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New Years Greetings:

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  • Tom Robertson
    Folks: It is possible that 2007 will be the last year people will expect their future to be a continuation of the past. Lets hope that we are able, however
    Message 1 of 3 , Dec 31, 2006
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      Folks:

      It is possible that 2007 will be the last year people will expect their
      future to be a continuation of the past.

      Lets hope that we are able, however possible, to help ourselves and others learn about the new world of changing energy availability and how we can make the most secure and satisfying adjustments in both our thinking and our behavior.

      We do have the advantage of some amount of lead time before actual declining availability of energy and associated resources force our behavior in unacustomed ways. Lets hope we make the most of it.

      Any my very best to you all.

      Tom Robertson, Moderator, EnergyResources Group
      (39°53'N 76° 59'W)
    • steve van zuilekom
      Hi Tom, all Best wishes for you all. Yes i m also convinced that 2007 will be a very interesting year ! Steve
      Message 2 of 3 , Jan 1, 2007
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        Hi Tom, all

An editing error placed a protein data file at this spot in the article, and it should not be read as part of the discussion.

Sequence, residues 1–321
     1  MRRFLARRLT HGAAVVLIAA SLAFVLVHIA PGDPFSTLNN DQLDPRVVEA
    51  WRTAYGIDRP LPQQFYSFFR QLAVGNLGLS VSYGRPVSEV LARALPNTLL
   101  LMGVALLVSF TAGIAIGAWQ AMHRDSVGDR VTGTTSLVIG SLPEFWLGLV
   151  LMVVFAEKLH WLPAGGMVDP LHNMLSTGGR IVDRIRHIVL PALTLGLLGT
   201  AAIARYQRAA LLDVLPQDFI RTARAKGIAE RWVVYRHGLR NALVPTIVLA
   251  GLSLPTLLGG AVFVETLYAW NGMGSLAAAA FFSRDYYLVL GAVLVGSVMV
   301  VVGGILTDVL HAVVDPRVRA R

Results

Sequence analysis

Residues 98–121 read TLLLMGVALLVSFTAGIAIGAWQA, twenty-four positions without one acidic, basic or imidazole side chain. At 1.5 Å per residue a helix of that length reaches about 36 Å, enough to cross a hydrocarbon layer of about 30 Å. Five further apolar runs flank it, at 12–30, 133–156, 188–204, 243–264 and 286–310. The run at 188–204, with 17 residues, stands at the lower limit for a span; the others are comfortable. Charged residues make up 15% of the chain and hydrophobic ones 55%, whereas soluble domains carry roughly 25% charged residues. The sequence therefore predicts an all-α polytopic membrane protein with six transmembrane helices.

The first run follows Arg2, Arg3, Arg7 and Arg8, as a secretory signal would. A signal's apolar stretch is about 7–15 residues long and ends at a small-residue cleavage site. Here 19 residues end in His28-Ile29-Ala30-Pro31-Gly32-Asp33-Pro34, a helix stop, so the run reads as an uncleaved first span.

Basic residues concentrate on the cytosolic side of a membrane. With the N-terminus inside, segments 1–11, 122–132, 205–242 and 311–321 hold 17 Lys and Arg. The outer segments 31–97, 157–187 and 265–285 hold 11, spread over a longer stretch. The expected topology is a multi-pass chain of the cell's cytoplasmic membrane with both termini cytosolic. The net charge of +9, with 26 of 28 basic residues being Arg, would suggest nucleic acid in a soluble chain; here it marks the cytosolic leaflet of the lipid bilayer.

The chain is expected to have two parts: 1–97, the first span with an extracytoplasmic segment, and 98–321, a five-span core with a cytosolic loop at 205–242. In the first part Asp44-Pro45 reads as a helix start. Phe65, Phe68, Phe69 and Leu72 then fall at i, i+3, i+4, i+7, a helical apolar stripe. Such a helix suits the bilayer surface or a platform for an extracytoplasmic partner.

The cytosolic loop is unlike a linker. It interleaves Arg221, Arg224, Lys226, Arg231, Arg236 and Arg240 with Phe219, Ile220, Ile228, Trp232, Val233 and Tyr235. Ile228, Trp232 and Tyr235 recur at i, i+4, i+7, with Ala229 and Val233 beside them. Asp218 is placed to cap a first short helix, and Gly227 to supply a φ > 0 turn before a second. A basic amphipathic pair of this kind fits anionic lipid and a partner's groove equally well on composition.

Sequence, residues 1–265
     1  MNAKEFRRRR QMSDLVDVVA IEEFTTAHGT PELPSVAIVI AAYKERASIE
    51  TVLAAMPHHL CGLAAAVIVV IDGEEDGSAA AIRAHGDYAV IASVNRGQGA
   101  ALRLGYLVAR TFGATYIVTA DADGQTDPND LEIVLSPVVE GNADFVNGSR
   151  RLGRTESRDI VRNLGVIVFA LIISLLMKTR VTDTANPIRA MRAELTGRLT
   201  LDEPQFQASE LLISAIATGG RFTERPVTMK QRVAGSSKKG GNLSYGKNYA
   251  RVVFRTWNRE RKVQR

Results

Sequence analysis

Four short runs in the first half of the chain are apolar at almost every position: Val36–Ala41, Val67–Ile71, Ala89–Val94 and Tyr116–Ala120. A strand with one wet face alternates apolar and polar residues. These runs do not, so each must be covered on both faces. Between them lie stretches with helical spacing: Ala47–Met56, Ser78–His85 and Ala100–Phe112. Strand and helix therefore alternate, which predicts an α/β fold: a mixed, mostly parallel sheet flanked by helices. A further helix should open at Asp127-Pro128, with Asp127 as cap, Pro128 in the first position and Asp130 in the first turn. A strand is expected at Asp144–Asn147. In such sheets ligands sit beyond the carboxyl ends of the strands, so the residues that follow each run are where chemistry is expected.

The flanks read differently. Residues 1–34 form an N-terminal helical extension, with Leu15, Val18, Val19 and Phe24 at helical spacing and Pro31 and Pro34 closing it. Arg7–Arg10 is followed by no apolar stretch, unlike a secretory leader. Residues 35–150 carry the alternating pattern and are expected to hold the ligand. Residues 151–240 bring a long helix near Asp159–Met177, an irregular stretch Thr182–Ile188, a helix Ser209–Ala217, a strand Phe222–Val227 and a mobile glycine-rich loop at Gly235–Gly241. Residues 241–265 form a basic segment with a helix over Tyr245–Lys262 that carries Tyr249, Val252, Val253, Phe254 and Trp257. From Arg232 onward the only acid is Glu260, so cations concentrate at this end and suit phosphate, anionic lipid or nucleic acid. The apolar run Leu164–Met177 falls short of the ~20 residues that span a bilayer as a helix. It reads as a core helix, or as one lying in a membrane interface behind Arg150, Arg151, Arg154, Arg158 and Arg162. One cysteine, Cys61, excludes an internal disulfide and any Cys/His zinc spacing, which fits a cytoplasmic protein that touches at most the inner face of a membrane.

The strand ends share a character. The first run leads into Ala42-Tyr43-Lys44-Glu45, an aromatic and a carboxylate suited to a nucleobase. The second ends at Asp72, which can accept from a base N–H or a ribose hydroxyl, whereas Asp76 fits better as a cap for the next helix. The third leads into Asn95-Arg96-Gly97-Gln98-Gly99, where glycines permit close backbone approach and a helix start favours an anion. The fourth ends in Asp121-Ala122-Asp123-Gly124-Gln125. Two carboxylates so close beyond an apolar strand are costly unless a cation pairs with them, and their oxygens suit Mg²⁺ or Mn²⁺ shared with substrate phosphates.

Best wishes for you all. Yes i'm also convinced that 2007 will be a
        'very interesting year'!
        Steve

        Tom Robertson wrote:

        > Folks:
        >
        > It is possible that 2007 will be the last year people will expect their
        > future to be a continuation of the past.
        >
        > Lets hope that we are able, however possible, to help ourselves and others learn about the new world of changing energy availability and how we can make the most secure and satisfying adjustments in both our thinking and our behavior.
        >
        > We do have the advantage of some amount of lead time before actual declining availability of energy and associated resources force our behavior in unacustomed ways. Lets hope we make the most of it.
        >
        > Any my very best to you all.
        >
        > Tom Robertson, Moderator, EnergyResources Group
        > (39°53'N 76° 59'W)
        >
      • Stuart Studebaker
        Hi Tom! And my very best greetings to you and everyone else on this most esteemed list. Yes, even you, Mr Mathews! (I know I pick on you a lot...) Now that
        Message 3 of 3 , Jan 2, 2007
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          Hi Tom!